© Copyright 2000 by the Wyoming Department of Employment, Research & Planning


New Industrial Classification System Will Affect All Industry Statistics
by: Mike Evans, BLS Program Supervisor

"The structure of NAICS taxonomy is based on a production-oriented, or supply-based, conceptual framework instead of an output-based framework."

T his article first appeared in the April 1997 issue of Trends to provide information on the upcoming classification changes in industry statistics. The time has finally come to introduce the North American Industry Classification System (NAICS) using 1999 and 2000 employment data for Wyoming. Listed in Table 1 and Table 2 of the following article are the most recent employment data for Wyoming grouped by NAICS sectors. Employment organized by Standard Industrial Classification (SIC) is found in Table 2 of the second article. For your convenience, we plan to publish employment using both SIC and NAICS classifications for the next year, so you can become familiar with the new sectors. The updated reprint below, “New Industrial Classification System Will Affect All Industry Statistics,” should help you understand the differences between the SIC and NAICS classification systems.

R ecently, the Office of Management and Budget (OMB) introduced NAICS to replace the existing 1987 SIC system and the previous classification revision of 1972. The NAICS Administrative Committee, headed by OMB, defined NAICS jointly with Canada and Mexico to obtain comparable economic and statistical information, combining the three countries’ existing classification systems for economic analysis of trends and developments.

The purpose of an industrial classification system is to group industries and categorize firms according to common characteristics, so that one can organize specific statistical information such as import/export, employment, tax revenues, and/or wage information. They can classify, or code, any business or establishment into an industry. In addition, the NAICS system makes it possible to compare industry statistics among international, state, and local economies. Under the SIC system, one cannot make direct comparisons between countries.

The evolution of the SIC industrial classification system is nothing new. It has been revised every 10 to 15 years since its inception in the 1930’s. The change from SIC to NAICS, however, represents a fundamental break with the past in certain industries. The new system gives special attention to new and emerging industries, especially those considered highly technological and other sectors that have similar production processes. NAICS will reflect the restructuring of the economies, especially to accommodate past and ongoing changes in the economic structure of the countries.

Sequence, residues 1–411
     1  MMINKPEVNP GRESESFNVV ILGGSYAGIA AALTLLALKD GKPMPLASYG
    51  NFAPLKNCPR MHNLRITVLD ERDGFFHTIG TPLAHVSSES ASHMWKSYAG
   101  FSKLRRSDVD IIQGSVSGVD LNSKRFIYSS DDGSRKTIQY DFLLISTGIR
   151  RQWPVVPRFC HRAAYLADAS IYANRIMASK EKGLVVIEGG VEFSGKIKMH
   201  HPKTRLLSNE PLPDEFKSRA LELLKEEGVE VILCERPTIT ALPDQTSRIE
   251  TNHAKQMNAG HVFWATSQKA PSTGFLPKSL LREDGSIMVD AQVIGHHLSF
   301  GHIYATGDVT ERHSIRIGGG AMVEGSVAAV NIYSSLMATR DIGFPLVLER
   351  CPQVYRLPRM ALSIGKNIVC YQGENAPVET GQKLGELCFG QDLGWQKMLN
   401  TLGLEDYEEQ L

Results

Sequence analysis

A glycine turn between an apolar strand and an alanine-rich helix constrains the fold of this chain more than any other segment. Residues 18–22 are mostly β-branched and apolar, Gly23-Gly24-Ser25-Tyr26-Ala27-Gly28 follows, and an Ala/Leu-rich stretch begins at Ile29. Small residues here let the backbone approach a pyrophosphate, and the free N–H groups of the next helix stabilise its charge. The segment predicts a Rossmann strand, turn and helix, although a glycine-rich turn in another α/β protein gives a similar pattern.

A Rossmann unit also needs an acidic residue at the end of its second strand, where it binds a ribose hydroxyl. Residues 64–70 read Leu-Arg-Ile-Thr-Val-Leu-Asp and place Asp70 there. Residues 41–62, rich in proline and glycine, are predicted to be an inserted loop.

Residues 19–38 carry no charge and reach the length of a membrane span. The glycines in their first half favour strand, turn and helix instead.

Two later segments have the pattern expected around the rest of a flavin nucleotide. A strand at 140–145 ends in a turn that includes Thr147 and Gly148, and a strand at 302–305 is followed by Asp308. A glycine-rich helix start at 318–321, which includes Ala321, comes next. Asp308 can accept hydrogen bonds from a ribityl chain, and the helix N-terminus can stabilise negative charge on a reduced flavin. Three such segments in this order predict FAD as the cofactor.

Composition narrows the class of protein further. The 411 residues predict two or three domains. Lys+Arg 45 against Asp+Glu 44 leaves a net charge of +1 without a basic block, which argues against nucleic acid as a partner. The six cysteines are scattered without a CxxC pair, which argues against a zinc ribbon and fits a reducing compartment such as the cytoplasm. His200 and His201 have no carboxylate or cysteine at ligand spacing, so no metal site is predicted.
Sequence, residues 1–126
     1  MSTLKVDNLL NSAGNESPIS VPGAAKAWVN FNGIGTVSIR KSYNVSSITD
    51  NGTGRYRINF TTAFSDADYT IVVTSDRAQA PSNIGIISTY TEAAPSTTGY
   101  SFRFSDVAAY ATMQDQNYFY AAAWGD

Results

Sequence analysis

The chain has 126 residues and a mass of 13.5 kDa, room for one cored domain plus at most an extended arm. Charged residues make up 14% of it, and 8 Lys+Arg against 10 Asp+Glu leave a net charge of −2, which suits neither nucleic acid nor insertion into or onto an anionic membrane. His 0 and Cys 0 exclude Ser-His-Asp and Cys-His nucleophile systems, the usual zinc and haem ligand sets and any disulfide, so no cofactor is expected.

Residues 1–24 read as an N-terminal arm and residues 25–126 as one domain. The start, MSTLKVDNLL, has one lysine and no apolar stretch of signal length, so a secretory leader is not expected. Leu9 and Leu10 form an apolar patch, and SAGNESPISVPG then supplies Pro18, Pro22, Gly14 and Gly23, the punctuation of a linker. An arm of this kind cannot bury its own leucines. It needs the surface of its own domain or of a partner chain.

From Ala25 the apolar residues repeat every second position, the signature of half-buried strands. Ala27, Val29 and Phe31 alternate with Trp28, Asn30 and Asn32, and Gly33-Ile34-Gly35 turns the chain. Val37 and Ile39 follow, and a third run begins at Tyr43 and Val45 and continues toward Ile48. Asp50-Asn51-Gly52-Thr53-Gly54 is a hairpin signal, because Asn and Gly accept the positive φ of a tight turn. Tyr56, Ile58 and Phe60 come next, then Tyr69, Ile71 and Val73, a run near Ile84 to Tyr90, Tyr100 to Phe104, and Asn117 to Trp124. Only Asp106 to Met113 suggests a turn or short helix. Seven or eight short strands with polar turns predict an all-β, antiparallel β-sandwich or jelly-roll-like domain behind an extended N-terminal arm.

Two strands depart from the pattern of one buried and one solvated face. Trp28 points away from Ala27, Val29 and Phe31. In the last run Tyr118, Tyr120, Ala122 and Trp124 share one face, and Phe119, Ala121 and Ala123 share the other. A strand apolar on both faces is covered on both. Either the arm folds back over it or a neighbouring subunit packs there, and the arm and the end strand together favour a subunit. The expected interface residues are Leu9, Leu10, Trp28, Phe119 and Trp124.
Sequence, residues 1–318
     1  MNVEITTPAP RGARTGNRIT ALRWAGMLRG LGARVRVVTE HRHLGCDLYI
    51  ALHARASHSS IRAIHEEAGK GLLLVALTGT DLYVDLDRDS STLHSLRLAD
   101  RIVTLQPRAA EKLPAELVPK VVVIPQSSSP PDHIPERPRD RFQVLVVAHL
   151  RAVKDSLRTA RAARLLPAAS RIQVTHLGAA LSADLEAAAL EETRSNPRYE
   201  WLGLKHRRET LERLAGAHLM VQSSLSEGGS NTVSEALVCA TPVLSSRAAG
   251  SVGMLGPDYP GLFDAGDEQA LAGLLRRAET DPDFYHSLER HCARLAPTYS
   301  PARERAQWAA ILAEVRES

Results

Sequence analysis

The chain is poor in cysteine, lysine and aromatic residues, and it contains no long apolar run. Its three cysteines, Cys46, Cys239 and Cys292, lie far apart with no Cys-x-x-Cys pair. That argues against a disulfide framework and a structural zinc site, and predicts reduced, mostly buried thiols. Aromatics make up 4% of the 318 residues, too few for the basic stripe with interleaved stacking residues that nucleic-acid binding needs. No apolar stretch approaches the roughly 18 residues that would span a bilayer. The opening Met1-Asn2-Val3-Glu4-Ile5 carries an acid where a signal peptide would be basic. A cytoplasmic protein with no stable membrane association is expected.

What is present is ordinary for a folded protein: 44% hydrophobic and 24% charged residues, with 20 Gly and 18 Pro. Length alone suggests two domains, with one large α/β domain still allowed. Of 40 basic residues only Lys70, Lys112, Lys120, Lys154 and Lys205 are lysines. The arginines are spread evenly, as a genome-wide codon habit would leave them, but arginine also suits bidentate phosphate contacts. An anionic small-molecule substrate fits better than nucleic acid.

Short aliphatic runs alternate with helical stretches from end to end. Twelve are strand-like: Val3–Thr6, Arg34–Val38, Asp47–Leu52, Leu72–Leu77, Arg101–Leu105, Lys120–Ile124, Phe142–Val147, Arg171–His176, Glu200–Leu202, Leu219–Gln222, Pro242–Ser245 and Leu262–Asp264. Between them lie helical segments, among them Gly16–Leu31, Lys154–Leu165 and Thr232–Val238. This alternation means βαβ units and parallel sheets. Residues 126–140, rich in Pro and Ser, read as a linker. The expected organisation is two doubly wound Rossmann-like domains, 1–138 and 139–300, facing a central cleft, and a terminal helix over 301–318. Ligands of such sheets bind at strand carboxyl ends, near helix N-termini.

The use of NAICS makes substantial structural time series breaks in most industries. Time series breaks will affect projections and comparisons of statistics over time (i.e., comparing employment by industry in 1998 to 1988). This article shows the interrelationship between the 1987 SIC and the new classification system, and the changes taking place.

Differences Between the Two Systems

The structure of NAICS taxonomy is based on a production-oriented, or supply-based, conceptual framework instead of an output-based framework, which characterized SIC. For example, in the Manufacturing industry, logging is based on log output under SIC. It is now under Agriculture, Forestry, & Fishing within NAICS due to trees being production-oriented to forestry.

NAICS uses a six-digit code, while a four-digit code identified SIC industries. NAICS has alternative groupings to more closely resemble the SIC major industries, although the first two digits of NAICS identify the general sector, while the third, fourth, and fifth digits are more specific to the operations of the sector. Each sector is divided into many groups and each group is separated further into specific production operations identified by five- and six- digit NAICS codes. For example, the Mining sector (two-digit) is divided into three groups (three-digit): oil & gas extraction; mining except oil & gas; and support activities for mining. The mining except oil & gas industry is divided into three more groups (four-digit): coal; metal ore; and non-metallic mineral, and so on (See Figure 1).

The NAICS Administrative Committee standardized the first five digits of the NAICS code between countries striving for compatibility at the two-digit level with the International Standard Industrial Classification (ISIC).1 The sixth digit is used to identify subdivisions to satisfy user needs in individual countries. Provided that one meets other measurement standards (i.e., monetary exchange rates), one could make direct comparisons among the three national economies.

Effects of Transition on All Industries

The Table bridges the two systems and compares all major industries between the one-digit SIC Code2 and the two-digit NAICS Code.3 OMB developed the NAICS system for compatibility with the SIC system, although the numerical codes will always change.